2019 1023E ...my first 50 hours
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Thread: 2019 1023E ...my first 50 hours

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    MacCool's Avatar
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    2019 1023E ...my first 50 hours

    What a great machine. I bought this in May, primarily because I had a few landscape jobs I needed done that I’d never do unless I rented a tractor of some kind from the hardware store about a mile down the road. Naturally, once got the tractor, I found that I actually had dozens of such jobs, and now 50 hours later, I find that I have barely scratched the surface of what I actually want done. My property is about 2.5 acres on one of Minnesota’s 10,000 lakes in the Brainerd Lakes area (where the movie Fargo took place. No...not everybody talks like Marge Gundersen, but I do know people that talk that way). About 1/3 of it is wooded, and about 1/3 of it is lawn that I have to mow. The mowing is done by a Z445, didn’t even get a mower for the 1023E. The ZTR likely does a better job in about 1/3 the time with less yard damage. Over the last 30 years, we just let the woods grow, and they overgrew substantially. The tractor’s main job was going to be reclamation of those woods as well as fixing up the yard (bare spots, low spots, etc). Shortly after getting the tractor, we had a windstorm and lost a couple of 30-foot spruces. My wife decided that they should all come down (12 in all) since the were all half-dead. That tree work increased the tractor’s work load by a lot.

    After shopping a couple of other brands, I went to the John Deere dealer 5 miles down the road — a great guy I’ve dealt with many times before— assuming that I was going to buy a 1025R like everyone else. He had several on the lot and the pricing was good. But as we discussed what I was going to use it for, it became apparent that I didn’t need the features that separate the 1025R from the 1023E. No mowing, no tiller, no box blade, and nothing that is PTO-driven. I found armrests to be just another thing to get in the way, and my belly is not of a size that requires a tilt steering wheel to be comfortable. The 1025R would have cost me about $3000 more just to get those few things that I didn’t really need. There’s a horsepower difference, but as I’ve read many times on this forum, horsepower in a tractor is kind of irrelevant. If you run out of power, it just means you’re trying to work too fast. At no point in any of my little tasks have I run out of power. I’ve run out of traction, but not power. I really kind of wanted a backhoe, but just wanted it...didn’t really need it. In 50 hours, I haven’t really found anything that I would have used it for. Still...they’re so cool that I do have a small amount of regret.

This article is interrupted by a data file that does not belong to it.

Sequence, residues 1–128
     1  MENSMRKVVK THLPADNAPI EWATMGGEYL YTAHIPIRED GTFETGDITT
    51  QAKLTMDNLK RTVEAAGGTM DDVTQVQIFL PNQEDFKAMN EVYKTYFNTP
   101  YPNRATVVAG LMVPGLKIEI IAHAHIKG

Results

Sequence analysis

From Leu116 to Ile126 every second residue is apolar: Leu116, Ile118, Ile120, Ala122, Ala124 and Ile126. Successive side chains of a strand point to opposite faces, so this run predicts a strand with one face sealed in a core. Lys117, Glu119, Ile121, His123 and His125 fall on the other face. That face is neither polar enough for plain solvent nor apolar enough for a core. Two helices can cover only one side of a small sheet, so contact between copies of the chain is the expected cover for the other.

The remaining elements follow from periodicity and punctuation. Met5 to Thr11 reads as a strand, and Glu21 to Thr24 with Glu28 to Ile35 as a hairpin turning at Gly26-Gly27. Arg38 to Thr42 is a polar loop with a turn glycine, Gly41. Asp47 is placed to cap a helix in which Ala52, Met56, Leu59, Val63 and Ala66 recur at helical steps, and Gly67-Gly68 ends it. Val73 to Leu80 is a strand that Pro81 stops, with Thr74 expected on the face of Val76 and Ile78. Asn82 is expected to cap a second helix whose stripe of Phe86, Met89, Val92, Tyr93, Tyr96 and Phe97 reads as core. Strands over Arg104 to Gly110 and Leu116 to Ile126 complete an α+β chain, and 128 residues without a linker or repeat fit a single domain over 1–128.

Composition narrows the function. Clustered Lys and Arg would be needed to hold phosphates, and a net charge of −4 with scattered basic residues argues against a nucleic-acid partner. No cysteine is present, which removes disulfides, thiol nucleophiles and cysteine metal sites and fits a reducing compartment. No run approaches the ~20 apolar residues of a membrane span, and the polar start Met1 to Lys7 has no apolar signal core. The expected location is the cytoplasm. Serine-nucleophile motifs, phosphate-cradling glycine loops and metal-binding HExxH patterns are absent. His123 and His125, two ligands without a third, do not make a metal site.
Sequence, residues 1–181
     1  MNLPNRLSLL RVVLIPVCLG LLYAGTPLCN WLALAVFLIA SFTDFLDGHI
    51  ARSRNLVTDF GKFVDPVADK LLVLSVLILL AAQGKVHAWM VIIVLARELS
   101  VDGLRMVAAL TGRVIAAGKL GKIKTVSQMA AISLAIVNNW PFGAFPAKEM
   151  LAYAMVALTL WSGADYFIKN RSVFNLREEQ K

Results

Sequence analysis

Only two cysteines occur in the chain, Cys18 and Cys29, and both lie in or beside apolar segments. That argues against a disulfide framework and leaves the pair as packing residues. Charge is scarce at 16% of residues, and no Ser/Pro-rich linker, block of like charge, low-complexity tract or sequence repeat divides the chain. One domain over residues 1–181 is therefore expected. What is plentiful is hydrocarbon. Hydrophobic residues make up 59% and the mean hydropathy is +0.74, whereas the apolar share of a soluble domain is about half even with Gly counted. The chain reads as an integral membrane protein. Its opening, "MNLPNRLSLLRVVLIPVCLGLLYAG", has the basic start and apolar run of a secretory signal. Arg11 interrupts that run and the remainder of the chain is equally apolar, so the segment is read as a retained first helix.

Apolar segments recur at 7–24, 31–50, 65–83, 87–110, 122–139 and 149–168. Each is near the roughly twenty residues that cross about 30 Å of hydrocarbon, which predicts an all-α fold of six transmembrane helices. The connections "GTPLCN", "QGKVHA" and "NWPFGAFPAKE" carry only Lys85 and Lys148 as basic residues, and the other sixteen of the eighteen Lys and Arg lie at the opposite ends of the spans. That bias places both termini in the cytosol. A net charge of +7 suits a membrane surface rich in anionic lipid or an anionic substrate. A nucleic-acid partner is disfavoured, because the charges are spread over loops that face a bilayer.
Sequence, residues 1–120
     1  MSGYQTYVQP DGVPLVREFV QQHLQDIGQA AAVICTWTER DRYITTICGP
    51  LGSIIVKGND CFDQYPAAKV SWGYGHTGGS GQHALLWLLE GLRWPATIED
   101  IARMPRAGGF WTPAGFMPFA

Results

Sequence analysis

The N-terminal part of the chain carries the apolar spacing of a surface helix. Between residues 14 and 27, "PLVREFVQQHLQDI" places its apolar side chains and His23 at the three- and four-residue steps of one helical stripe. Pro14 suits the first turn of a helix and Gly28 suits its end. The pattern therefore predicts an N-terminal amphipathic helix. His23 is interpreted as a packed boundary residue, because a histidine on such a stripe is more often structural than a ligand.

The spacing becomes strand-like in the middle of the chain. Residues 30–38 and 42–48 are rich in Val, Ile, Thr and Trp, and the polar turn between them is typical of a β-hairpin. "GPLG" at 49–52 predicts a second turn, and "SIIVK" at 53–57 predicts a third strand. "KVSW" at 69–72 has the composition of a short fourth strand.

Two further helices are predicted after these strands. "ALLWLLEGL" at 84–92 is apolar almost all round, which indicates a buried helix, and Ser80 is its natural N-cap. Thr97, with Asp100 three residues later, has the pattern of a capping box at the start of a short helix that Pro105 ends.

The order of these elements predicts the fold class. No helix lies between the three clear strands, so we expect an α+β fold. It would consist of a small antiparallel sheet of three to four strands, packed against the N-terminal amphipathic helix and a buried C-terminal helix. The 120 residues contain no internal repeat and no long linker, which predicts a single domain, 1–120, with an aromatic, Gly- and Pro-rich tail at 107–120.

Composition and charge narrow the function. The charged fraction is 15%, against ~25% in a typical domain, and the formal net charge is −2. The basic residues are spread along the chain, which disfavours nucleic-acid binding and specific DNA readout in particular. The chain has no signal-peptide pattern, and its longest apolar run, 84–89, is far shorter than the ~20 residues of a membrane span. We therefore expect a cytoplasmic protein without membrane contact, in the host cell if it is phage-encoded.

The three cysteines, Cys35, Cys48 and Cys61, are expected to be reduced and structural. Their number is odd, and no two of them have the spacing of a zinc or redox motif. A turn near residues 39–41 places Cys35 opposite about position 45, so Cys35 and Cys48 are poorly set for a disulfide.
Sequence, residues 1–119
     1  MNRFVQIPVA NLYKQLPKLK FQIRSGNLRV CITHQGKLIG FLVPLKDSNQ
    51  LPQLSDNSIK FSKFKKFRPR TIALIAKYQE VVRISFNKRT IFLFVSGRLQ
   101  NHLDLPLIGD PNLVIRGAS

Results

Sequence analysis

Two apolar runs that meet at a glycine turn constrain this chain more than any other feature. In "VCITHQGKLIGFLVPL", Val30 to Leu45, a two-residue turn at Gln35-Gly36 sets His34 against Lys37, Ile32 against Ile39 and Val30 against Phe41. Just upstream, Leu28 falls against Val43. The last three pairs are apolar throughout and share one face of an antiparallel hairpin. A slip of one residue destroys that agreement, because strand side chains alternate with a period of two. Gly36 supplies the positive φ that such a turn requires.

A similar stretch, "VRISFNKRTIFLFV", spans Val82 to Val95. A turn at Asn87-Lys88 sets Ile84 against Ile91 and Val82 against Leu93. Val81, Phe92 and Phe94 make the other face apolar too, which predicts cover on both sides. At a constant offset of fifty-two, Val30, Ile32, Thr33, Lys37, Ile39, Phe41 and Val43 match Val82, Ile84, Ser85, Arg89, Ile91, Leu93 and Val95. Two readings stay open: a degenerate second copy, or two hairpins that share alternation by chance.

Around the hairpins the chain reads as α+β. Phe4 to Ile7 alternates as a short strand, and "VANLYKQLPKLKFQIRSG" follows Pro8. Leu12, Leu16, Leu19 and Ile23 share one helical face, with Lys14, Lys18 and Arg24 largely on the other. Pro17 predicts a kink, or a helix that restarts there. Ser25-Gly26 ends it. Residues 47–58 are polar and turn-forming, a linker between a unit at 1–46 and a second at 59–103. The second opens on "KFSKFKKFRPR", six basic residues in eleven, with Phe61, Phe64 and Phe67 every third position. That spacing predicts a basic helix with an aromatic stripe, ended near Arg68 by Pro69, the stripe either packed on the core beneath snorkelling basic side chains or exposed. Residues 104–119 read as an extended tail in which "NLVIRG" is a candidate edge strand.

About 80% of what I use this tractor for is carrying things. I’ve moved 20 yards of black dirt (have another 10 yards coming today) and 3 yards of crushed rock, as well as 5 or 6 trailer loads of brush, and several trees and tree stumps. Both bucket and forks...incredibly useful. The rest of it has been grading and leveling, and pulling. My 15 foot logging chain has uprooted dozens of wild bushes and ugly sumacs, and has pulled several 30-foot spruces over by the roots. My trusty old $100 Ryobi 16 inch chainsaw has had a tremendous workout, and I generally have at least two chains at the hardware store getting sharpened at any given time.

    In that 50 hours, the tractor has performed flawlessly. Starts every time, runs great. Doesn’t overheat. I checked the oil once..it looked fine. I’ll probably change it and the fuel filters here pretty soon when I do the “50-hour/end-of-season maintenance”. I’d likely switch the oil to a 0-W-something for the upcoming Minnesota winter. I don’t know if I’ll be moving much snow with the thing (snowblower on my old LX277) but I’d want to be prepared for that. I view the oil change primarily as an opportunity to do that, but also to change the filter to something better than the dangerous and notoriously crappy Fram-made OEM filter. IMHO, that OEM filter poses far more danger to the longevity of that engine than letting the oil go to 200 hours. The hydraulic oil and filter/screen....I don’t know. I bought a block heater/adapter, and if I have the dealer install that I’ll probably have him do the hydraulic stuff, but I may skip that part as the block heater install looks simple enough that I may do that myself, and I’m not convinced that a 50-hour hydraulic service is necessary. I realize that’s a controversial topic, but I’m inclined to follow John Deere’s recommendations.